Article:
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Ross Ackerman
Ross Ackerman
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At NetApp, we focus on AIOps because it’s how we enable our customers to save time with their IT operations. Spending time running your business is much more valuable than spending time determining why some piece of technology isn’t working the way you want and then figuring out what to do about it. 

Why would an organization want to move to AIOps?

IT teams are drowning in lakes of network events, system events, alerts, and notifications because there’s an ever-increasing number of network and system checking and alerting tools. Nearly 25% of large enterprises have at least 8 monitoring tools installed, and some support as many as 25 tools, per a recent survey from Enterprise Management Associates. Multiple tools are often needed because individual tools are domain specific, supplying insight into issues within a focused area. Multiple tools are normally needed to provide a complete view. But multiple tools result in multiple unconnected alerts and events for IT support staff to track down and respond to.

What are the key benefits of AIOps?

AIOps is the analysis of alerts and events, with automated IT operational responses, to maintain the health, uptime, and performance of services and solutions. AIOps helps to find false-positive alerts, correlate ecosystem-wide notifications, and predict and prevent outages before they occur. AIOps capabilities are most often seen in the form of predictive analytics with automated proactive action. These capabilities help you identify and avoid issues before they happen to services or entire solutions, which increases IT efficiency and service uptime for the business.

What’s the best way to get started with AIOps?

The first step on the path to AIOps is making data available from the monitoring tools in your environment. Historical data and real-time data are both needed; they’re used to build predictive models that can understand and take proactive actions. Another important step toward AIOps is to document and programmatically capture the known corrective actions that can be taken to respond to disruptions or avoid them before they occur. If you can predict an outage or a disruption, having a known fail-safe method to respond is a great first step.

How difficult is the transition?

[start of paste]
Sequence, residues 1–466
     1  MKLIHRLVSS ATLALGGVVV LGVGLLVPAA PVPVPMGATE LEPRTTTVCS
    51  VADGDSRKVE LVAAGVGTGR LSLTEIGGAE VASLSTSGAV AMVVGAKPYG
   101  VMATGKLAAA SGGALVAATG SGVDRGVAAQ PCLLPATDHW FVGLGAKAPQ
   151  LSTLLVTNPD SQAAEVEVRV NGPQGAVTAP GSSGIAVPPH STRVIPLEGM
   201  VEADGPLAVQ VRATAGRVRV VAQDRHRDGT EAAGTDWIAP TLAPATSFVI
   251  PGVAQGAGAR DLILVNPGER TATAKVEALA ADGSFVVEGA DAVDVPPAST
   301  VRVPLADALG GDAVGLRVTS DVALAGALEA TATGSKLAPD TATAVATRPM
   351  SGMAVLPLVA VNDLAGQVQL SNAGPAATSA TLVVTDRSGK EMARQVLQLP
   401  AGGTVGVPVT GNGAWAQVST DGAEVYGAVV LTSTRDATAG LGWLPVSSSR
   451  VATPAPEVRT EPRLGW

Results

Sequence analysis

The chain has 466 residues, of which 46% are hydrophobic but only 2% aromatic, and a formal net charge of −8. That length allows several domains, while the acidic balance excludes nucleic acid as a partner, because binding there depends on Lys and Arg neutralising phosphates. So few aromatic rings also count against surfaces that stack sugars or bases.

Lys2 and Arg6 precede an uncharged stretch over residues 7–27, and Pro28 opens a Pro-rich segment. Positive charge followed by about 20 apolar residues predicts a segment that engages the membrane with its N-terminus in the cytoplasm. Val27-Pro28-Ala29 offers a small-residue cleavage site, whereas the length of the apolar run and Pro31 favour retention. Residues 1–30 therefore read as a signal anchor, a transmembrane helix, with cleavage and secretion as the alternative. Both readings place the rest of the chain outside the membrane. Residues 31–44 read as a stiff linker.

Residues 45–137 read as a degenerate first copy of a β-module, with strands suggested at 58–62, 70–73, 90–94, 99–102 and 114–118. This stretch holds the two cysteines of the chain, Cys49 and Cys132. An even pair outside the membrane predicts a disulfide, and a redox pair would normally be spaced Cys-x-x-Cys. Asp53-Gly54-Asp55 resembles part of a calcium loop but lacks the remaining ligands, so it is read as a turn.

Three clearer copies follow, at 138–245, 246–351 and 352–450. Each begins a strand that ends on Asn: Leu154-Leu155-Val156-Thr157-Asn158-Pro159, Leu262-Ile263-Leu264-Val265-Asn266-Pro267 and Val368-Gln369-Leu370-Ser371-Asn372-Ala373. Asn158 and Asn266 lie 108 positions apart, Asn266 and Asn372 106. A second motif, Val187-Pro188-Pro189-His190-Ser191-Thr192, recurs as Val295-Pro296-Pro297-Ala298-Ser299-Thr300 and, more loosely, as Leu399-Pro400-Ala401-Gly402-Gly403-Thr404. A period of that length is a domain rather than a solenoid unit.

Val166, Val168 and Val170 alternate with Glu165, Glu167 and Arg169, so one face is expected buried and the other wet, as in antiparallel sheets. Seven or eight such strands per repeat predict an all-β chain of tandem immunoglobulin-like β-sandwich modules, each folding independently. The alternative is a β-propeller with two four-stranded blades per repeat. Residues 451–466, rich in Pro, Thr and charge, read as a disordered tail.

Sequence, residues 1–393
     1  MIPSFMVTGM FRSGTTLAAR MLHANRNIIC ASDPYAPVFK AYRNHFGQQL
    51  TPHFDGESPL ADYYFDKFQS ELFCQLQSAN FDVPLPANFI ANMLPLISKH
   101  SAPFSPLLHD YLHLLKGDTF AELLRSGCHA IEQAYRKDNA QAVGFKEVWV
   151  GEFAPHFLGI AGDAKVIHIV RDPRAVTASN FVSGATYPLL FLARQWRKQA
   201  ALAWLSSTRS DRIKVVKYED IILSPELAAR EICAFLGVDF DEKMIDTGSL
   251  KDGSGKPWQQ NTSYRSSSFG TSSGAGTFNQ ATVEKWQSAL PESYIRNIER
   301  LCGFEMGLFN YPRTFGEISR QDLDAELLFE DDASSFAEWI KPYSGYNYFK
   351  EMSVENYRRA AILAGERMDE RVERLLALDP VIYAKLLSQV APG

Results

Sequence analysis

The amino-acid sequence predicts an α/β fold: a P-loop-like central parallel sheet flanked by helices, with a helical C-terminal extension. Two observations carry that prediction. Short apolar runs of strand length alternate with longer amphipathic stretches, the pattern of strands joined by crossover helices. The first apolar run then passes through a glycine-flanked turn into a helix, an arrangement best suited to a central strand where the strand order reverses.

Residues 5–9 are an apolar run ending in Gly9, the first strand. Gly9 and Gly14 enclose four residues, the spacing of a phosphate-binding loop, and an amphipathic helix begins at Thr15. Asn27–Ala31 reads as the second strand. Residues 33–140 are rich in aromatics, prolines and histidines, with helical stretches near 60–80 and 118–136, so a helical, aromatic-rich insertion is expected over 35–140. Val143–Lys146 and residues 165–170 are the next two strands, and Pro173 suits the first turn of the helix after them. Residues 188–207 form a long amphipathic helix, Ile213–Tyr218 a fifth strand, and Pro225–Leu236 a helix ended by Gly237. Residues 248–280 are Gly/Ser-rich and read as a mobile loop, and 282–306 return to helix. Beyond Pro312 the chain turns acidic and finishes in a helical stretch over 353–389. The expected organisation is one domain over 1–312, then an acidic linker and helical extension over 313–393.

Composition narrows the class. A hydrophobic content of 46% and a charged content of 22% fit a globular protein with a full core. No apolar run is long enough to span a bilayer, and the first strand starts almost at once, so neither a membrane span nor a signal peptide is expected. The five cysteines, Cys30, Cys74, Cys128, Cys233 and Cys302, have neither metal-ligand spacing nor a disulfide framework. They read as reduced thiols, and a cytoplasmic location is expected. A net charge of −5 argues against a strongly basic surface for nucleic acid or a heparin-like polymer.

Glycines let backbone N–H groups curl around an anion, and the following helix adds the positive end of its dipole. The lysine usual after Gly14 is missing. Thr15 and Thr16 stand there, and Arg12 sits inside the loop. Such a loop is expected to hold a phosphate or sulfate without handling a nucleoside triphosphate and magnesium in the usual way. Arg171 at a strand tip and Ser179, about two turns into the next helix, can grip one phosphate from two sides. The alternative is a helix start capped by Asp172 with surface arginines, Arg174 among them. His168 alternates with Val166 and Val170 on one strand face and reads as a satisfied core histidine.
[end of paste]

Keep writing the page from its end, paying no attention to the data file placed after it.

Beginning a journey into AIOps can be as simple as identifying a set of heuristics, or known rules, based on past events and automating a response for the future. A natural next step involves applying data science and predictive analytics to learning the event combinations and signals from your environment that indicate a pending issue.

How do AIOps initiatives typically get delayed or derailed?

A common challenge lies in managing event and log data and handling the scale and speed of events and notifications from an ecosystem. Many tools for app management, monitoring, and cloud-based support and analytics provide AIOps as a service or an add-on. Using these tools can be a natural first step into the world of AIOps and gaining IT efficiency.

AIOps for your IT operation, whether it’s with home-grown solutions or out-of-the-box offerings, will provide efficiencies for IT staff. These efficiencies include proactive alerting, automated disruption avoidance, and the ability to manage larger and more complex environments with less time.

At NetApp, we enable AIOps with our customers in mind. With the NetApp® Active IQ® Digital Advisor tool, we automate the analysis of more than 250 billion data points a day. Active IQ lets us detect, predict, and proactively prescribe actions and automation to address 98% of customer support issues. Customers tell us that by using Active IQ AIOps, they individually save at least 4 hours a week of administration time and over 228,000 hours of overall troubleshooting time per year.

To learn more, visit our Active IQ webpage.

Ross Ackerman

Ross Ackerman is currently the head of analytics and enablement of Active IQ at NetApp, where, as part of NetApp’s customer experience office, he leads a global team of data scientists, data engineers, and full-stack software developers building cutting-edge data analytics and AIOps tools to provide automated outcomes for enterprise IT. In this role, Ross leads teams across the company to use data, machine learning, and cross-team collaboration to solve business problems and improve NetApp’s overall customer experience.

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